The car’s engine stop/start system hushes the cabin even more, but the tech needs some work. We found the feature was too eager to turn the engine off right before we came to a stop, occasionally leading to more abrupt braking than was intended. Just below the stop/start button are the drive-mode buttons, and even though we’re talking about a three-row family car, we hope future X7s will make it easier to change modes without having to look down to see the flat buttons. It’s something we noticed on the new 3 Series, as well.
More than drive-mode selectors, X7 owners will likely appreciate driver controls that move the second row more. If you’re picking up two friends for a night out and have temporarily stashed the child seat, press a button on the A-pillar to move the seatback to a more relaxed angle and the entire second row back for more legroom. The third row is decently spacious but—like most third rows—difficult to reach. Once you’re back there, have second-row passengers move forward a little (with power controls, not manually operated levers), and it’ll work. Or opt for second-row captain’s chairs instead of the three-across bench, and third-row passengers can stretch out easier.
Once it’s time to leave, watch your step over the optional running boards. As with the X5 xDrive40i we recently tested, the X7’s running boards proved to be a “functional nuisance” for me at 6-foot-4 and a second-row passenger about a foot shorter than me. They don’t extend far enough out from the car to be more useful, and we’d suggest putting that $400 USD toward the available glass controls. If you’ve already committed to a three-row crossover that can hit $100,000 USD with options, you can afford $650 USD for glass controls for the engine-start button, gear shift stalk, volume knob, and iDrive controller. It’s a subtle but very premium touch.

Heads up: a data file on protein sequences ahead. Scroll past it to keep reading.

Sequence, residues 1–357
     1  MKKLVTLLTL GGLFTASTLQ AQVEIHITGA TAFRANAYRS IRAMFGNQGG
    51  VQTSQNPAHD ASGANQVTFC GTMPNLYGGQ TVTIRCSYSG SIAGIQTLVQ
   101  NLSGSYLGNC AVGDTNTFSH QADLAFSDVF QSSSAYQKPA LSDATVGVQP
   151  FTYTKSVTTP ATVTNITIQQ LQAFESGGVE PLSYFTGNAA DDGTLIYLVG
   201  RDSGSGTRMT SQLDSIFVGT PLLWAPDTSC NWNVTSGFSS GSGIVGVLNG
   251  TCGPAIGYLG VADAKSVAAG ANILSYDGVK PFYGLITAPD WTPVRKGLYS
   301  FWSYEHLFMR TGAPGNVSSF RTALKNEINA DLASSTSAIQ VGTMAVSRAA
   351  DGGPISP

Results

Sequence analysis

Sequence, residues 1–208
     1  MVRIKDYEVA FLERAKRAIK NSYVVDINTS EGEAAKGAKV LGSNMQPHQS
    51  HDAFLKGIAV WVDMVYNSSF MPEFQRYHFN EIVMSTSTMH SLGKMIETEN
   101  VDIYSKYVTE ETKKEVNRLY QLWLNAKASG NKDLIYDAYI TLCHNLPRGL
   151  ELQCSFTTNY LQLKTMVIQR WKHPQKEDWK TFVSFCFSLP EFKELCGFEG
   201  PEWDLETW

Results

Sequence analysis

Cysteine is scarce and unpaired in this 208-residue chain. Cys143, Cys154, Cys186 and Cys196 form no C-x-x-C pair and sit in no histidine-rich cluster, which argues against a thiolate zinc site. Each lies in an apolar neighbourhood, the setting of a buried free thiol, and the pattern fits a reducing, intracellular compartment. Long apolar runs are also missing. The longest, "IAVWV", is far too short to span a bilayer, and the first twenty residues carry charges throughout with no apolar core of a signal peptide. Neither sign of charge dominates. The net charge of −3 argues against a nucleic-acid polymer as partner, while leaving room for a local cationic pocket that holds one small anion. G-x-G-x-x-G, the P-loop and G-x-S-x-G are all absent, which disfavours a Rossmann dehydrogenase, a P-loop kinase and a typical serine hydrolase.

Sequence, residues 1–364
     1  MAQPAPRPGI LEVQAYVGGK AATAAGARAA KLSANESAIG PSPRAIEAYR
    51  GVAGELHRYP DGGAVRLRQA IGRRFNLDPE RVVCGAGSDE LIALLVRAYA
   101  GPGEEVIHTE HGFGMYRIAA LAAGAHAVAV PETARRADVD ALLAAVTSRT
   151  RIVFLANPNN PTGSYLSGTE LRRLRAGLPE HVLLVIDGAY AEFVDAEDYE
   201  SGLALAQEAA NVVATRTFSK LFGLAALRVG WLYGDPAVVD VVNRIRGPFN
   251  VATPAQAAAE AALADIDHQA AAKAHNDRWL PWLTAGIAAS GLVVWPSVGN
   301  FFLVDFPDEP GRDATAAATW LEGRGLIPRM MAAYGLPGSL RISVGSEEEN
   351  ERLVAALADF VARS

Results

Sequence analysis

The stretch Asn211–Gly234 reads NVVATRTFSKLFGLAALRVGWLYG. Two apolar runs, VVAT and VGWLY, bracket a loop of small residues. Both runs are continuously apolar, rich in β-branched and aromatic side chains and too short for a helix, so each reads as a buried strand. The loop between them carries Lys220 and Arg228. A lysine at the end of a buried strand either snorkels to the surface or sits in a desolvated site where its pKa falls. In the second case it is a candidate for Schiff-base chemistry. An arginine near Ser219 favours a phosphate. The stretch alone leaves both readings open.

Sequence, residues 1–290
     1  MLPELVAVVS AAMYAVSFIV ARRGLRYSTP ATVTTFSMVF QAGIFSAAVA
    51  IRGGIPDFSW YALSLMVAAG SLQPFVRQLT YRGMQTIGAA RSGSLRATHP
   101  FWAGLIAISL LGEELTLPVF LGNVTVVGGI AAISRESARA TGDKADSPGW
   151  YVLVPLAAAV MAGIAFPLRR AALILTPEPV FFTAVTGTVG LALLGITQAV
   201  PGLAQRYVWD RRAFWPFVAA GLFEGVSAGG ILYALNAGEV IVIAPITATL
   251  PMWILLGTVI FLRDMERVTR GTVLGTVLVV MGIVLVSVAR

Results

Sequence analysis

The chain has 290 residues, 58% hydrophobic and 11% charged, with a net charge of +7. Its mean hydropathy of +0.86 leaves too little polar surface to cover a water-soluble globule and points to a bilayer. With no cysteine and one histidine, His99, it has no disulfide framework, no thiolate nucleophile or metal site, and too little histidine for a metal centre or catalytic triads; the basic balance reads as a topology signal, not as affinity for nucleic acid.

Aside from the running boards, we might also save $1,300 USD by sticking with 21-inch wheels and save a few thousand more by (reluctantly) forgoing the white-and-blue interior for something more likely to hide stains over time. Depending on how often you’re in highway traffic for long stretches, the adaptive cruise control system that’s part of a $1,700 USD tech package could be worth the money. Although the system on our tester cut out and displayed an error message for about five minutes during one lengthy road trip, the tech otherwise proved to be one of the smoothest systems I’ve ever experienced. The lane keeping assist system is a bit too aggressive in its efforts to keep you safe, though.
Regardless of that overprotective safety nanny, the X7 proves its worth as a luxurious family hauler. If the idea of electric everything doesn’t terrify you in terms of long-term repair costs—every seat is power operated, and the air suspension can lift itself up or down by 1.6 inches—the X7 is the most spacious BMW around. Consider the X7 if you can look past an overeager engine stop/start system and ostentatious front styling. It will never feel as small to drive as a 5 Series, but the X7 is a worthy—and relatively quick—addition to the full-size luxury SUV segment.
|2019 BMW X7 xDrive40i|
|PRICE AS TESTED||$100,095|
|VEHICLE LAYOUT||Front-engine, AWD, 7-pass, 4-door SUV|
|ENGINE||3.0L/335-hp/332-lb-ft turbo DOHC 24-valve I-6|
|CURB WEIGHT (F/R DIST)||5,329 lb (47/53%)|
|LENGTH x WIDTH x HEIGHT||203.3 x 78.7 x 71.1 in|
|0-60 MPH||5.4 sec|
|QUARTER MILE||14.1 sec @ 97.4 mph|
|BRAKING, 60-0 MPH||105 ft|
|LATERAL ACCELERATION||0.84 g (avg)|
|MT FIGURE EIGHT||26.6 sec @ 0.67 g (avg)|
|EPA CITY/HWY/COMB FUEL ECON||20/25/22 mpg|
|ENERGY CONS, CITY/HWY||169/135 kW-hrs/100 miles|
|CO2 EMISSIONS, COMB||0.88 lb/mile|